Is the public sector any good at building houses?
Property plc chairman says what works well in UK is where local authority has land and brings in private developer to develop it
John Mulcahy: “While the public sector is good at lots of things, there’s one thing it’s not very good at, and that’s building of any description.” Photograph: Dara Mac Donaill
The proposed establishment of the Land Development Agency is the latest policy measure by the Government to help tackle our housing crisis. The aim is to free up land under the control of the State to build 150,000 houses over the next 20 years, with funding of €1.25 billion being provided. Some 60 per cent of the land would be for private development, with the balance for social and affordable housing.
Not everybody is convinced by the idea, with Ruth Coppinger, the Dublin West Solidarity TD, calling it the biggest privatisation of State land in our history. She would rather that funding were provided to local authorities to build just social and affordable housing.
Coincidentally, the global non-profit Urban Land Institute was holding a real estate forum in Dublin on Thursday, just after details of the new land agency were announced. More than 200 people involved in real estate from around the world attended the event at the Guinness Storehouse.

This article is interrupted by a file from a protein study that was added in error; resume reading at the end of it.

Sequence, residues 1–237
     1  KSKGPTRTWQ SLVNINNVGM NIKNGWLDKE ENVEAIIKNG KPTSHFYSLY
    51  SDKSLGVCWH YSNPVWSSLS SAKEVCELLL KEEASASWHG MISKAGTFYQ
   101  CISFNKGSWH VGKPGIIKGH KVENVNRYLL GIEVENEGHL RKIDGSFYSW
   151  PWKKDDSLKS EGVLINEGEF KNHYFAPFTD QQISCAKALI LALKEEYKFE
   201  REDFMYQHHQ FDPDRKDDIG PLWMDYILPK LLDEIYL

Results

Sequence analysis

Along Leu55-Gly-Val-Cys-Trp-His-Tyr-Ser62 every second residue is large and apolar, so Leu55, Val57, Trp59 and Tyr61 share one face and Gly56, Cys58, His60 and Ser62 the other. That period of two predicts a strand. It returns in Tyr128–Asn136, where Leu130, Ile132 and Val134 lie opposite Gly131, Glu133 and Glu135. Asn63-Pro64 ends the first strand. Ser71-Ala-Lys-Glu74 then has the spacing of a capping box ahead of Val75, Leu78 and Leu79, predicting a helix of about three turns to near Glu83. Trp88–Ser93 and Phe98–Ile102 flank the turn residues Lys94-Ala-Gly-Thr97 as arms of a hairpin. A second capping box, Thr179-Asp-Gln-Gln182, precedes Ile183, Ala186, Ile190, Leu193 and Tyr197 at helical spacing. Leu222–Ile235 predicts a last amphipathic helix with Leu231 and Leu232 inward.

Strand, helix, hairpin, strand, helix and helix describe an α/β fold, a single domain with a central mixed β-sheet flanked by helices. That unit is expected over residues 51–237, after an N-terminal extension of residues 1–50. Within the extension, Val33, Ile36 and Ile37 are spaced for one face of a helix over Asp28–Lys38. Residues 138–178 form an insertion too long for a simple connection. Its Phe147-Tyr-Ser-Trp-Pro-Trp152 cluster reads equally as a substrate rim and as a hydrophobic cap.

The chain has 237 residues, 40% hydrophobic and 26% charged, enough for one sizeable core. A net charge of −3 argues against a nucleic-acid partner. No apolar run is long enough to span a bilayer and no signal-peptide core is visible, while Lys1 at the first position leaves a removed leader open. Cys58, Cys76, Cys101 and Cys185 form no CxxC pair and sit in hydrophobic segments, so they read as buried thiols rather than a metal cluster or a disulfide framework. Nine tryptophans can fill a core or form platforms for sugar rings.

One of its speakers was John Mulcahy, chairman of both property fund IPUT and listed residential builder Glenveagh, and a former senior executive of Nama. His view of how to tackle the issue was simple.
“There are some people in the public policy arena who hark back to the local authority housing estate. There is a romantic notion that we should forget about the private sector and give the money to the local authorities and let them start building. All we know is that on this island and our neighbouring island...that while the public sector is good at lots of things, there’s one thing it’s not very good at and that’s building, of any description.
“What I think does work very well, and it works well in the UK, is where the local authority has land and they bring in a private sector developer to develop the land. The gig is they [the local authority] get so much social, and they get so much affordable, and he [the developer] gets the private [housing], and they work out the numbers and you know what everybody’s return is, and that works very well.”